Best Fountain Pens to Start the Hobby

Looking for a gift for someone who has everything (maybe even yourself)? A fountain pen is a great gift for anyone, as it makes the user feel special while writing with it and it's so customizable. It's a gift that should last a lifetime with the proper care and can even improve grades. On a student budget, fountain pens might seem out of reach, but they don't have to be! "Starter pens", as the community calls them, are reliable fountain pens that you can get without completely breaking the bank on something like a Visconti right away. All of these pens are completely reusable and pens that I own myself and would recommend. 

Our local pen store, Phidon Pens in Downtown Galt, Cambridge, offers a 10% discount for students, and you can try the pens there to find your right fit. The staff is also very helpful! In case you're more of an online shopper, I've also linked some reliable Canadian websites that I personally use for my pen shopping. 

Pilot Metropolitan

This is one of the sturdiest pens on the list, and one of the best in its price point. It's a metal-bodied pen, which means it has a bit more weight in your hand. It's a consistent writer and a favourite among newbies and professionals alike. Many people use them for sketching, not just writing. They come in a variety of colours, and two standard nib sizes: medium and fine. As these are Japanese nibs, they will write on the finer side compared to European brands, and you can find other nib sizes, such as a stub, if you want something out of the ordinary. 

Get them for around $22 here or here, or in person at Phidon Pens.

Lamy Al-Star

A bit of an unconventional pick for a starter pen, I've picked the Al-Star over the ever-popular Lamy Safari because it just feels sturdier. The Al-Star and the Safari have the exact same design except for the fact that the Al-Star has an aluminum body and the Safari is plastic. Standard nib sizes are extra-fine, fine, medium and broad, but you can replace these nibs easily with another size, a calligraphy nib, or even a gold nib if that strikes your fancy. They don't come in as many colours as the Metropolitan, but they do release special edition pens once a year: 2018's was vibrant pink! They're a bit more expensive than the Safari, but it is worth it to get the full experience of what other fountain pens will feel like, should you get really into the hobby.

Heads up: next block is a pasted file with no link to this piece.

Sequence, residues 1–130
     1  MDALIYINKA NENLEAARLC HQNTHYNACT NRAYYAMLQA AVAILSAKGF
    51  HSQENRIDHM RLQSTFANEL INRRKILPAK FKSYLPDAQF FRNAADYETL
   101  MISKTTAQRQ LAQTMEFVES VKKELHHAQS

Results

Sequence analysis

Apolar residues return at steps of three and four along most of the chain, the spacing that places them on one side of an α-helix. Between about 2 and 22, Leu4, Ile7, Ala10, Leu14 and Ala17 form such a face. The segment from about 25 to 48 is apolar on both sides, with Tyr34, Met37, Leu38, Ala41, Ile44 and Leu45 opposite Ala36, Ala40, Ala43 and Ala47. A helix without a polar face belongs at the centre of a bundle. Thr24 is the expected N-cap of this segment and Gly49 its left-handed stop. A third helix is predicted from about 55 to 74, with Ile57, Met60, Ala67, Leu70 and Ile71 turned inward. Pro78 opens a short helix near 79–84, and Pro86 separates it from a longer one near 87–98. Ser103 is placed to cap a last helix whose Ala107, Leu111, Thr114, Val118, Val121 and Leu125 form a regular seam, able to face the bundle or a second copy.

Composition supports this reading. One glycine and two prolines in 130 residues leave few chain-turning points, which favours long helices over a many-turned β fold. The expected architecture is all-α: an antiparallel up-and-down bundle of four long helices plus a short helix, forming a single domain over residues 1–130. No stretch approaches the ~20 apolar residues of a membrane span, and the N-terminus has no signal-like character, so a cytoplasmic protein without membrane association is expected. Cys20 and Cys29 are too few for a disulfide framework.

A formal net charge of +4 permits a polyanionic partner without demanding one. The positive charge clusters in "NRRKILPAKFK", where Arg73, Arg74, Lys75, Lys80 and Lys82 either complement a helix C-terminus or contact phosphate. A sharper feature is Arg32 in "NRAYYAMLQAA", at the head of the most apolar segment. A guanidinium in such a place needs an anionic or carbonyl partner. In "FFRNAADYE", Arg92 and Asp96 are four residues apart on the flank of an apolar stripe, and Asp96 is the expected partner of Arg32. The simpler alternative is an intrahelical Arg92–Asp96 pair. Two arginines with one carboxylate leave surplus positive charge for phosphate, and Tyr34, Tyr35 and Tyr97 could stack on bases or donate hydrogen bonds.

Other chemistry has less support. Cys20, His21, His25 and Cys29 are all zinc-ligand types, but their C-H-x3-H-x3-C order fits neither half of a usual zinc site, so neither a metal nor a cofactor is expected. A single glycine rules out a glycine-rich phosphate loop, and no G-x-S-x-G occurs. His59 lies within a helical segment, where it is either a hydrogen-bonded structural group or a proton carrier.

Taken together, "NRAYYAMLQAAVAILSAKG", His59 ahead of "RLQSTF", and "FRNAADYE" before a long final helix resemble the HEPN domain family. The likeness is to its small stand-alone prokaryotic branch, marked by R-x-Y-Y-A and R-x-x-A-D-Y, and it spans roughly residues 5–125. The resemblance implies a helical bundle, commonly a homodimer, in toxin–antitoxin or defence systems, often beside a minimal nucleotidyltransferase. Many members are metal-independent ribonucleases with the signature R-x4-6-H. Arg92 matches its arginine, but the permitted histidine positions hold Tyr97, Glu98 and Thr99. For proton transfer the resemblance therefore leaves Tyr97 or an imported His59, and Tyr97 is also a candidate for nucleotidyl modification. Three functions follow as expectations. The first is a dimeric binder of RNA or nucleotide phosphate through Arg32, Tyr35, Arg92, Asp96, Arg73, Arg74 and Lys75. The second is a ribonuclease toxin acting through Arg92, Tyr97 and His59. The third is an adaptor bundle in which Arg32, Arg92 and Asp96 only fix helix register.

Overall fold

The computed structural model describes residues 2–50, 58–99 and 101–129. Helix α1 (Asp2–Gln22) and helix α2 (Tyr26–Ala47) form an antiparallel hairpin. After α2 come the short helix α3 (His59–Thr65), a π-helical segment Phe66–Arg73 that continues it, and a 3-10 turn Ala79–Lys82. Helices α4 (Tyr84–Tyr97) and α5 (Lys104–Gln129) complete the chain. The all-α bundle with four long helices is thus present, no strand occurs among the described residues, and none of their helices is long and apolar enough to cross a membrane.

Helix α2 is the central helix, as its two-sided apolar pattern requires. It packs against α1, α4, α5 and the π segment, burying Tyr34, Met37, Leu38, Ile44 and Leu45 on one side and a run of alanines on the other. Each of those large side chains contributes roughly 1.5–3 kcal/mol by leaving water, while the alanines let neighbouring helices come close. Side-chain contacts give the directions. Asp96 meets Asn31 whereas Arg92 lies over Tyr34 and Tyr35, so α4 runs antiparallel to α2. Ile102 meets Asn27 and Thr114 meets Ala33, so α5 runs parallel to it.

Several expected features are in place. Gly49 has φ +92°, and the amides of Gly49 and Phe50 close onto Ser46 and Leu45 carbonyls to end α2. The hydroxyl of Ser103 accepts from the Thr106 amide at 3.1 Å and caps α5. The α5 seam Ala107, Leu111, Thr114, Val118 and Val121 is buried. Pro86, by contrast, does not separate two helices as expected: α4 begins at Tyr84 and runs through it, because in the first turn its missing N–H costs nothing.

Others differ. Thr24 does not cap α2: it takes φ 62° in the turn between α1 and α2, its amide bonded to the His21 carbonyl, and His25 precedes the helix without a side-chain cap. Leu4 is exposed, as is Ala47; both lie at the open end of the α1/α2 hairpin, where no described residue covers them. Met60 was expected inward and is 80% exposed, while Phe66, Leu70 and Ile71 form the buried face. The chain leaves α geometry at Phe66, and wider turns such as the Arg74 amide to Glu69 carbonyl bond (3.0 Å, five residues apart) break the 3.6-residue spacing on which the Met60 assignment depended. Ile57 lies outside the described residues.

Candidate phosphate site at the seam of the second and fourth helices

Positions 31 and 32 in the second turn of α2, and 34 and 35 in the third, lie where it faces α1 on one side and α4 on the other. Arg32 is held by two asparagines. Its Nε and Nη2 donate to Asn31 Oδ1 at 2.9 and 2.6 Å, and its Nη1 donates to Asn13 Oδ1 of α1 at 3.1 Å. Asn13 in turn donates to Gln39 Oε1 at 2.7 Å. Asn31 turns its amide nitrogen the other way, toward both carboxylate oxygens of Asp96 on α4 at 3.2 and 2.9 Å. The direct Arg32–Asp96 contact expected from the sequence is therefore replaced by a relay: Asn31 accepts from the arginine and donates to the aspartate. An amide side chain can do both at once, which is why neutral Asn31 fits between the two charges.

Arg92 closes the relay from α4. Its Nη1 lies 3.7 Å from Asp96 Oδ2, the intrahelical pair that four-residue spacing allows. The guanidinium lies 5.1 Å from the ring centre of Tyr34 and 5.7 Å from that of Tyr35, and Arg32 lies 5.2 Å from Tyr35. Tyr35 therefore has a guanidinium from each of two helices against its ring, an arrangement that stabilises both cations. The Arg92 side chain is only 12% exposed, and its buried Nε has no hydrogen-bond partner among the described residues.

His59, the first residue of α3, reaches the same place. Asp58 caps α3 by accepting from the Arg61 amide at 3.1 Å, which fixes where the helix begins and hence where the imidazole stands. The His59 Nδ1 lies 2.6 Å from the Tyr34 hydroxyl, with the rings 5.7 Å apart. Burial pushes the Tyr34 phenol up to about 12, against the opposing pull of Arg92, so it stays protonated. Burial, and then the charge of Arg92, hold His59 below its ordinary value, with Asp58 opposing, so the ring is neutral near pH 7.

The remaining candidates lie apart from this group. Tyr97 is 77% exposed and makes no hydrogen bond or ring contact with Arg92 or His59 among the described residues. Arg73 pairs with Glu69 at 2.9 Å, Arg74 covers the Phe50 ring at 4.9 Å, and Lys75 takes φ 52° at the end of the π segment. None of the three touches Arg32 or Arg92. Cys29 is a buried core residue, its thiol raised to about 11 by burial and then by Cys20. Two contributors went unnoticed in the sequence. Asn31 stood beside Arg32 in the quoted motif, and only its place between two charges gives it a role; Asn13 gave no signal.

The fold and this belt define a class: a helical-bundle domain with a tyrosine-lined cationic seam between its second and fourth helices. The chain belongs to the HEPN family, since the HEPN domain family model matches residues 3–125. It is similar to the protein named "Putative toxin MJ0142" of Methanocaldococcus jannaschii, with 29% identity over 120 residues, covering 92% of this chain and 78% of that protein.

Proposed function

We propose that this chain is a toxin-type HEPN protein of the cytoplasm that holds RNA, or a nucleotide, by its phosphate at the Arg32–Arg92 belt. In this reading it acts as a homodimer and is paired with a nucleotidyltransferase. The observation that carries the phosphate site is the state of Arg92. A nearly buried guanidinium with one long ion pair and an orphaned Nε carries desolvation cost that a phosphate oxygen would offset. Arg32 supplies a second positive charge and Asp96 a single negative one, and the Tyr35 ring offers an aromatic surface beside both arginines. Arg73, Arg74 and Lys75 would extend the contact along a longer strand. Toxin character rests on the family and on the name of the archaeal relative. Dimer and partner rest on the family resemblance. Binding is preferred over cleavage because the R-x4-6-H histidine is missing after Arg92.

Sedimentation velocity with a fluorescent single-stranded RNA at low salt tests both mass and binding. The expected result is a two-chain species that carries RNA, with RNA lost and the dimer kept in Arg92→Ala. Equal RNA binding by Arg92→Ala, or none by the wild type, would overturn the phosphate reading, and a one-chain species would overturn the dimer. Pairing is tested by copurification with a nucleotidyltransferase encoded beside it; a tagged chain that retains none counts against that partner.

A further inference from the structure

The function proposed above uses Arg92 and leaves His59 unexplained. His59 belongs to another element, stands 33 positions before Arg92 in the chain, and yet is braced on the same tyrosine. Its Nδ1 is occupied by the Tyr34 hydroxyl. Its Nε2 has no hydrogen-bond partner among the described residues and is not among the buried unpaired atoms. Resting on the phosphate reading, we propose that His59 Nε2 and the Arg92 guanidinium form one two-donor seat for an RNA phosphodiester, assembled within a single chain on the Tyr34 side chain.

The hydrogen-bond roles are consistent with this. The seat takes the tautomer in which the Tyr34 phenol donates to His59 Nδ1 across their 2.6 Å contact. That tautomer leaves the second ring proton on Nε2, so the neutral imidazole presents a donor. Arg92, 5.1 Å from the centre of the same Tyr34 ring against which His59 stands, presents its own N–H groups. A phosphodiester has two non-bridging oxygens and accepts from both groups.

Get them for around $50 here or here or in person at Phidon Pens. You can also get them here with free shipping from the United Kingdom for approximately $35 with the code OFFER30 at checkout. 

Kaweco Sport

I didn't get my first Sport until late in the game and I don't know why I didn't buy one sooner. They're what you call "pocket pens", meaning they're quite tiny. This is the first pen on this list that takes an international standard size cartridge or converter, so you can fit plenty of different ink cartridge brands in them, unlike Pilot or Lamy pens that will only fit Pilot or Lamy cartridges, respectively. They come in an impressive array of colours and nib sizes, including extra-fine, fine, medium, broad, and double broad. For an additional charge, you can also get them with calligraphy nibs. 

Get them for about $30 here or here or in person at Phidon Pens . You can also get them here with free shipping from the United Kingdom for approximately $25 with the code OFFER30 at checkout. 

Faber Castell Loom

Without exaggerating, this is one of the best writing pens that I own. The medium nib on the Faber Castell fountain pens write almost as reliably as my gold nib, and that's saying something! These pens come in different finishes and different cap colours, but don't have the same variety as others on this list. They also take international standard cartridges and converters. They're metal all over, the first on this list to be completely metal, and they're a must in any pencil case. They come in extra-fine, fine, medium, and broad nibs, and I would recommend any of them. All of the nib sizes are true to European sizes except the broad, which I think writes more like a medium. These nibs are also replaceable.  

Get them for about $40 here or in person at Phidon Pens, or a similar version for $45 here.


Last but certainly not least is the TWSBI Eco, which is short for economical. It's a piston filler pen, meaning that you will have to used bottled ink, but has more than double the ink capacity of your standard cartridge. These pens have minimal parts and are mostly made of sturdy plastic. They're demonstrator pens, which means that they are see-through, but the caps are different colours. This is one of my favourite pens, and they're always coming out with new special edition colours, like red and green for this Christmas! Standard colours that you can get all year round are white, black, and clear. The nib sizes are also very true to standard and come in extra-fine, fine, medium, and broad. You can also upgrade to the extremely popular TWSBI stub nib. 

Get them for about $40 here or here. Phidon Pens currently does not carry the TWSBI brand products. 

Photos: WonderPens, Lamy, Nomado Store, JetPens, JetPens